Have you spent time assisting other photographers?
When I lived in NYC in 2007, I assisted two photographers and learned so much about how to deal with clients, calculate expense receipts, and just the business side of things in general. It was extremely helpful, and I am still in fairly regular contact with them. However, when I wanted to start shooting on my own I actually found it more helpful to prop style assist. That way I got to meet art directors and people on shoots without being labeled as a photo assistant. Sometimes it is hard for people to see you as a shooter if you meet them while working for another photographer. Plus, you would never ever want to step on the toes of aphotographer you were assisting for or steal their client from them.

So, it’s hard because if you want to say, shoot for Gap, and you photo assist on a Gap photo shoot, it is going to be difficult to escape the photo assistant context in which you met the Gap creative director. Common sense says you should not give your business card to the creative director anyway, because you are working with the photographer. I would never dream of doing that, so it’s almost detrimental to your career to meet clients who you want to work for while being a photo assistant. However, in prop style assisting, I got to meet art directors and sometimes the prop stylist I was working with even promoted me and handed the art director my card. I think photo assisting can be great in lots of ways, but if you want to shoot on your own I wouldn’t recommend doing it for very long.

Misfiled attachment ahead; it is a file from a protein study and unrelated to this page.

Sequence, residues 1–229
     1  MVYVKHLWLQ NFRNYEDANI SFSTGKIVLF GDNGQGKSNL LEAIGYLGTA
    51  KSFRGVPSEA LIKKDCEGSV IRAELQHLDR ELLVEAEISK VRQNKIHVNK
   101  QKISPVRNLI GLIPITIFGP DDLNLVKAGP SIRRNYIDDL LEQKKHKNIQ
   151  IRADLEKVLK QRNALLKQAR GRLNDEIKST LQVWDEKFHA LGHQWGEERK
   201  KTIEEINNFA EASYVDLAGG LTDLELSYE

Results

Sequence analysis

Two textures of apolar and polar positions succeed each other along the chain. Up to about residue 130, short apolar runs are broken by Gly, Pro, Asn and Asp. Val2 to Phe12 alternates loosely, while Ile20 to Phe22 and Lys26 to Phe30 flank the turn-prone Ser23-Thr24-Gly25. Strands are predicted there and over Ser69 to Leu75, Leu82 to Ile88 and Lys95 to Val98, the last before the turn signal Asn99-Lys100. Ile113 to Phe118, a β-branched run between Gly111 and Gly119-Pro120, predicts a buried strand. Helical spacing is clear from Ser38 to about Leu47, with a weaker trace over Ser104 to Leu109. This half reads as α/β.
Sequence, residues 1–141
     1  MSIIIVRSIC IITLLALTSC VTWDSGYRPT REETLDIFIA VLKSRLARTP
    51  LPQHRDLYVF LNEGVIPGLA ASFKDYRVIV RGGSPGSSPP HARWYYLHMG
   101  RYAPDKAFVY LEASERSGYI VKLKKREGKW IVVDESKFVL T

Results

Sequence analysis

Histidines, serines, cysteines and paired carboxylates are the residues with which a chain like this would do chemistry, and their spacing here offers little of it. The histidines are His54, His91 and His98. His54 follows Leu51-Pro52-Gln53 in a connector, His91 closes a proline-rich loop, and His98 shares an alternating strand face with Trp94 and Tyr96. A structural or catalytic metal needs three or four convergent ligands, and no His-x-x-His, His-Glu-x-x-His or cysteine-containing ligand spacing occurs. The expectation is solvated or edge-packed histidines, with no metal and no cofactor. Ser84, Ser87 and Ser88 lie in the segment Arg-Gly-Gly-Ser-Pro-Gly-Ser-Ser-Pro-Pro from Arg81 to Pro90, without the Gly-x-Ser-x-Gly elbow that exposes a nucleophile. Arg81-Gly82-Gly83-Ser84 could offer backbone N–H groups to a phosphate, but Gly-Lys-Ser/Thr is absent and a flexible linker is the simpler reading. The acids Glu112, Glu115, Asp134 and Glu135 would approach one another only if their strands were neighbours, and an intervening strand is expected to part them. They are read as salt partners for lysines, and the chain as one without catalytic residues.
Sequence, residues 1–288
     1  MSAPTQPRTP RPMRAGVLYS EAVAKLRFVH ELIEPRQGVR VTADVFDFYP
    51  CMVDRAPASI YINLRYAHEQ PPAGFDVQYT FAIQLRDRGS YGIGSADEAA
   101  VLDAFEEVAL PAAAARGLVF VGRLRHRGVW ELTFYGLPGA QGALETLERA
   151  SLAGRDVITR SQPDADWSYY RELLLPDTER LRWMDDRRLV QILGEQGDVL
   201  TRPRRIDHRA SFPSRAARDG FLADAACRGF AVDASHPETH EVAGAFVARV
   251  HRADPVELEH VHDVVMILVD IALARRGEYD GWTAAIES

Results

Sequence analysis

Sometimes it is hard for people to see you as a shooter if you meet them while working for another photographer.


What is your favorite thing about photographing in Texas?
I think Texas is so versatile in look and feel. You have big cities, flat fields, deserts, hill country, and pine trees! Texas is huge, so it’s nice to have the ability to get in your car and drive! The sunsets are so lovely, and I feel like there are so many different locations and backgrounds to use in photographs.

Do you have a dream assignment?
I love shooting look books, and catalogs, so I would love to shoot some things for Fossil, or more for Anthro. I’ve also always wanted to shoot an editorial portrait for W Magazine. The portraits in there are so pretty!!